Santo Cuviso is made in the town of Bacanora by maestro Manuel “El Toro” Chacón, a third generation bacanoro. El Toro, harvest mature cultivated agave angustifolia, also know a espadin in Oaxaca, and cooks them in a conical earthen pit oven. Once the agaves are cooked, they are milled and ferment naturally by wild yeast for up to 12 days. After fermentation, the must is double distilled in copper pot stills. Post-distillation, the spirit is allowed to rest in 5 liter glass jugs between 10 and 14 days. This rest period allows the spirit to settle which is a well know practice for making unaged spirits more refined. After the rest period the spirit if bottled at 45% ABV.
In April 2019, Santo Cuviso Bacanora Blanco earned a Gold medal and named Agave Spirit of the Year from the American Distilling Institute's Judging of Craft Spirits.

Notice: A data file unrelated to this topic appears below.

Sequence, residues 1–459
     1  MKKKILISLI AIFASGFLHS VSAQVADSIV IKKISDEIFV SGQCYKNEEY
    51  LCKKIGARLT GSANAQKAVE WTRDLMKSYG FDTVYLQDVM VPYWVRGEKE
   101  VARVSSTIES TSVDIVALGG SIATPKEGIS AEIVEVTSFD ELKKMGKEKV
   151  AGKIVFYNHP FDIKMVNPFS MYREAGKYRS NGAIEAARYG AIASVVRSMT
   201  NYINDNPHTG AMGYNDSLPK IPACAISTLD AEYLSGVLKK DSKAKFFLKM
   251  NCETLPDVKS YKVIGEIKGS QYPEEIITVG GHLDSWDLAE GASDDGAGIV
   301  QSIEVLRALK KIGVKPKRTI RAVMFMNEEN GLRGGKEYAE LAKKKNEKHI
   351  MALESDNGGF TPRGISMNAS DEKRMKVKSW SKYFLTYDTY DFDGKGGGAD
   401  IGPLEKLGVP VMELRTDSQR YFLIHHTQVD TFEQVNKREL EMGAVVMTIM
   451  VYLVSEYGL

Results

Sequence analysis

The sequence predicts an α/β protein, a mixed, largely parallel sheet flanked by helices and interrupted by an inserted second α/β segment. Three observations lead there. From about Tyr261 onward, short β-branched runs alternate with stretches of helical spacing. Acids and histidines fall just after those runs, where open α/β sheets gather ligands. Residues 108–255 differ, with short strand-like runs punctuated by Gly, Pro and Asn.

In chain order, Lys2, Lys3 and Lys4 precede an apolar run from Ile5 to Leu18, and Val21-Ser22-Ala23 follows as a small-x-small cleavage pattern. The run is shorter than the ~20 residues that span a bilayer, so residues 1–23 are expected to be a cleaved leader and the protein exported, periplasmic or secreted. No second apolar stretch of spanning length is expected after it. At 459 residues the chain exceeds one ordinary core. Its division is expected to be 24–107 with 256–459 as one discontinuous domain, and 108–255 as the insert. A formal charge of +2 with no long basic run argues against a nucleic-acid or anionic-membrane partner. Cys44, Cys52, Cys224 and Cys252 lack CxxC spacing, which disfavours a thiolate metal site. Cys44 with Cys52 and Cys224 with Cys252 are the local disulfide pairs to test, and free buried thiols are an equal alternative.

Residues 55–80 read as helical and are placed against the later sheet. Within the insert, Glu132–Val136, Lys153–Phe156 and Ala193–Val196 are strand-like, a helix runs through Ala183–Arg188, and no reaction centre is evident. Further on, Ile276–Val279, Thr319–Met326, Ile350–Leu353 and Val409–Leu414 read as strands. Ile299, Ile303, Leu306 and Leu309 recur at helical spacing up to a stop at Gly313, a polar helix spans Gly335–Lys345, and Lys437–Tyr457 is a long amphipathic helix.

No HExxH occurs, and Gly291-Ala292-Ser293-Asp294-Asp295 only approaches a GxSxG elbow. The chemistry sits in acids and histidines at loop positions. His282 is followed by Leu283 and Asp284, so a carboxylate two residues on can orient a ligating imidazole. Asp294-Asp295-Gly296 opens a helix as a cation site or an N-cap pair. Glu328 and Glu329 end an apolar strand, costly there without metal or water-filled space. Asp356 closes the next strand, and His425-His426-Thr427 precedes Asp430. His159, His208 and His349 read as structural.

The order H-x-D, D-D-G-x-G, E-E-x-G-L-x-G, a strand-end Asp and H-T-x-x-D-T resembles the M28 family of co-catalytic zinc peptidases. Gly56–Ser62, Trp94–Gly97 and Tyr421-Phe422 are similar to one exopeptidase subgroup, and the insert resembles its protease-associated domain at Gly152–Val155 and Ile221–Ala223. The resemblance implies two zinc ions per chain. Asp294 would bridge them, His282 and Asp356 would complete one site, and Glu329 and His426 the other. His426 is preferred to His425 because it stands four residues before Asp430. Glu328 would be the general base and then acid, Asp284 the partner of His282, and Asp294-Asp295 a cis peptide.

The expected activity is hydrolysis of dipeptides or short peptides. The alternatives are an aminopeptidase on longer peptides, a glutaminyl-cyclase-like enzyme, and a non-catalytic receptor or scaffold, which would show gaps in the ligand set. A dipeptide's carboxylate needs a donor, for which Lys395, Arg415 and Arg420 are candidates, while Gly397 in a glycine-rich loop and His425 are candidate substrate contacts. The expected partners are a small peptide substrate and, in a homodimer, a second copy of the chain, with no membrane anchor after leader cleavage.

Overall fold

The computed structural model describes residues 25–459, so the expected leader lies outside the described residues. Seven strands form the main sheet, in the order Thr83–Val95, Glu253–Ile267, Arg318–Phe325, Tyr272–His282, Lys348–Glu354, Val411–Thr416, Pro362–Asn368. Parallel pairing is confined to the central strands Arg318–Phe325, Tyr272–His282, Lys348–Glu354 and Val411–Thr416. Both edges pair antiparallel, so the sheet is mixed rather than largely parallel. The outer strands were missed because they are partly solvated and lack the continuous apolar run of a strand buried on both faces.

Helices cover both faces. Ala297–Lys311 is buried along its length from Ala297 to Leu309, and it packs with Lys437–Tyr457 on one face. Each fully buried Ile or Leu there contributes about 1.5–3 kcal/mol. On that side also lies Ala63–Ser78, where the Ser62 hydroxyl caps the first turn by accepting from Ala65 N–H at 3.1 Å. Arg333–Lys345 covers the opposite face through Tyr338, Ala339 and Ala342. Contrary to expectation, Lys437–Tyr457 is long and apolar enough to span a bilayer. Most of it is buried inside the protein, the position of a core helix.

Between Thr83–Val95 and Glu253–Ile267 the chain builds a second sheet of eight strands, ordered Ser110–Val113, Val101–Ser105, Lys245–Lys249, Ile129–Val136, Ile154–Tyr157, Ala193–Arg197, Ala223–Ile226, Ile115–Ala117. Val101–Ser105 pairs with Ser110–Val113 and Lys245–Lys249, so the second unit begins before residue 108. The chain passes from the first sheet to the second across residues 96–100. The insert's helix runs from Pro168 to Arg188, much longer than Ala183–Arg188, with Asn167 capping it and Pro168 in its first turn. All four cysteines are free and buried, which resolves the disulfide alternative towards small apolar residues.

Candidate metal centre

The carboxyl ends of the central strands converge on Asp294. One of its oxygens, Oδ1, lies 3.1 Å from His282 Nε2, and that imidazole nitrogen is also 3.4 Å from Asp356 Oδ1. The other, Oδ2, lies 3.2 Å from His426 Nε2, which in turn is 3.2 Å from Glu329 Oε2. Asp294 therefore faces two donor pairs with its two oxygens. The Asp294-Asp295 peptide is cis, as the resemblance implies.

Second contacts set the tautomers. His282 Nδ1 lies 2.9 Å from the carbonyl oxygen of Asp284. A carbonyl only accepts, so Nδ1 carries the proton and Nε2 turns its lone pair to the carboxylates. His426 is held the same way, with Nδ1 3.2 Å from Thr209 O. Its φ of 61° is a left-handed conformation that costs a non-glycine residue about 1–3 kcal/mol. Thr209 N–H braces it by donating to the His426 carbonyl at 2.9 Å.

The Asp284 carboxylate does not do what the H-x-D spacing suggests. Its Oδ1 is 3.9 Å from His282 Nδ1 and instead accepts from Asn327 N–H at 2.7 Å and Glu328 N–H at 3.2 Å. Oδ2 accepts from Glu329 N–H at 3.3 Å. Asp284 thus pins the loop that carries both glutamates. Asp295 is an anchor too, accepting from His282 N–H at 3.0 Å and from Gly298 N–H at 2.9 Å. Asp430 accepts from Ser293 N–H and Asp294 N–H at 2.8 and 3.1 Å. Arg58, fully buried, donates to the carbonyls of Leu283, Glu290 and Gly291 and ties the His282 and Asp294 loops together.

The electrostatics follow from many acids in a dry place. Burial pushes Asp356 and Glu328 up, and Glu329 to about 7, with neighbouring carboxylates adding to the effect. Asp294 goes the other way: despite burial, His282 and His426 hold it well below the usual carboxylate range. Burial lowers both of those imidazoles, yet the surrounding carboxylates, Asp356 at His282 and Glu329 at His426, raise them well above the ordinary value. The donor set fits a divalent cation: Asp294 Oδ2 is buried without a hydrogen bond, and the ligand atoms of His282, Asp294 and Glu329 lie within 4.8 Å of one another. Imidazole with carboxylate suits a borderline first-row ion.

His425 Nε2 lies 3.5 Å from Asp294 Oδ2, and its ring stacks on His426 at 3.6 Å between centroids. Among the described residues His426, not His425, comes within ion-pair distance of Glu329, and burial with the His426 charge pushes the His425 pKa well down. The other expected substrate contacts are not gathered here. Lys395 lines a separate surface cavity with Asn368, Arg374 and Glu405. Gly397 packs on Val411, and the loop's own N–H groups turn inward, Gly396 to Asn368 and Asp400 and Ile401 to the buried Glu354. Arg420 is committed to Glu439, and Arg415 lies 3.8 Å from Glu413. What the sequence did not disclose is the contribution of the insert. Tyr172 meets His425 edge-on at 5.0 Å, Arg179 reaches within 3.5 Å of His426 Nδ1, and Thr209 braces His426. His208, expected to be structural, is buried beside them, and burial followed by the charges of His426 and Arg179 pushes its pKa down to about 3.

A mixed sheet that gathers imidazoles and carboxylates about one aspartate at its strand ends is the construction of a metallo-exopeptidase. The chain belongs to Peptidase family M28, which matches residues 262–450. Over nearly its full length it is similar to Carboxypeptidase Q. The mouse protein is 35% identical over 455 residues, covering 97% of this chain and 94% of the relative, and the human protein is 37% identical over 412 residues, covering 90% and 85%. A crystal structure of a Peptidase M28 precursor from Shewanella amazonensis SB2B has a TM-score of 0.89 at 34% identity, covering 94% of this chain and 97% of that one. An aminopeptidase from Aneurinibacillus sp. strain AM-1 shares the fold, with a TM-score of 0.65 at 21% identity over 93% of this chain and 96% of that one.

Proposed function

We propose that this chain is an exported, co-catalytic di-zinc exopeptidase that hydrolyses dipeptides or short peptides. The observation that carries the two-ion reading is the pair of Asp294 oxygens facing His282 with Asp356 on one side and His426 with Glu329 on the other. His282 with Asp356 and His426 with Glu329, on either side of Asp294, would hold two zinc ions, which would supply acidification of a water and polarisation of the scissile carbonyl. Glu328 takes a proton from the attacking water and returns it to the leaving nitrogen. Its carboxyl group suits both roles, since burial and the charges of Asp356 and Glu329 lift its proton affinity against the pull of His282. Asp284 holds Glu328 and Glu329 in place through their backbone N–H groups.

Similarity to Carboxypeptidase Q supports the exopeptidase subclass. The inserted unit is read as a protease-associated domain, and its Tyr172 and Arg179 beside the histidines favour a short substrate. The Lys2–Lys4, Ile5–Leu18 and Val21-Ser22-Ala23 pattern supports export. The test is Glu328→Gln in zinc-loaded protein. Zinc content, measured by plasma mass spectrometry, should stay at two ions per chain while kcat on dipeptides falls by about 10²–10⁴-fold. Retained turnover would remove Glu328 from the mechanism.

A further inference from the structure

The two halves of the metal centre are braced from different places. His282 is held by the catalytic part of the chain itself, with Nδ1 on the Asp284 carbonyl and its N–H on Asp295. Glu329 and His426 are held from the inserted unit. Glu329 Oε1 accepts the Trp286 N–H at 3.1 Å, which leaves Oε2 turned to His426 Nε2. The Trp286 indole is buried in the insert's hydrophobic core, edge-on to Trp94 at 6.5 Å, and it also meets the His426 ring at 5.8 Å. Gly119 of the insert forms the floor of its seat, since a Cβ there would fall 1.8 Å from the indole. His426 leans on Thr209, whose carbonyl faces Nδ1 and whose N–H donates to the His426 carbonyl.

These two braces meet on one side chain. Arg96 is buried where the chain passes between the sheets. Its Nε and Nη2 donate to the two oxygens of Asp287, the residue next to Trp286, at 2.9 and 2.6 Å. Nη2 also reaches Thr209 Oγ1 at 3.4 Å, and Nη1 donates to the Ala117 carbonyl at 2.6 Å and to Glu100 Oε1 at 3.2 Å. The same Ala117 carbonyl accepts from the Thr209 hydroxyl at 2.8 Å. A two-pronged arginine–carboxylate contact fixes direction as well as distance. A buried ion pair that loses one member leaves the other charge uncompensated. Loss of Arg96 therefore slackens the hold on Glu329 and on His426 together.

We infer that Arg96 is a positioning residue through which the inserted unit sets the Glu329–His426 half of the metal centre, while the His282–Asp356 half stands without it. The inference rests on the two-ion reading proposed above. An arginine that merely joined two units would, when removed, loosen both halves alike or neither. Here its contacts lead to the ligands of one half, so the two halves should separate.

Bacanora is an type of mezcal and an agave-derived liquor made in Sonora, a state in northwest Mexico, except it's a whole lot less smoky than most mezcals. Thedistillation of Bacanora was illegal until 1992, being bootlegged by vinateros for many generations. Since 2000 Bacanora has been issued with an origin denomination bill by the Mexican government. Grown and produced exclusively in the Sonora Mexico region, bacanora is handcrafted in small batches and made from a special agave plant, indigenous to the region known as Angustifolia Haw, or agave Pacifica. Bacanora started as rough fermented agave heart made by the indigenous Opata people. It was harvested from the wild, roasted with mesquite wood in earthen pits, then mashed and left to ferment.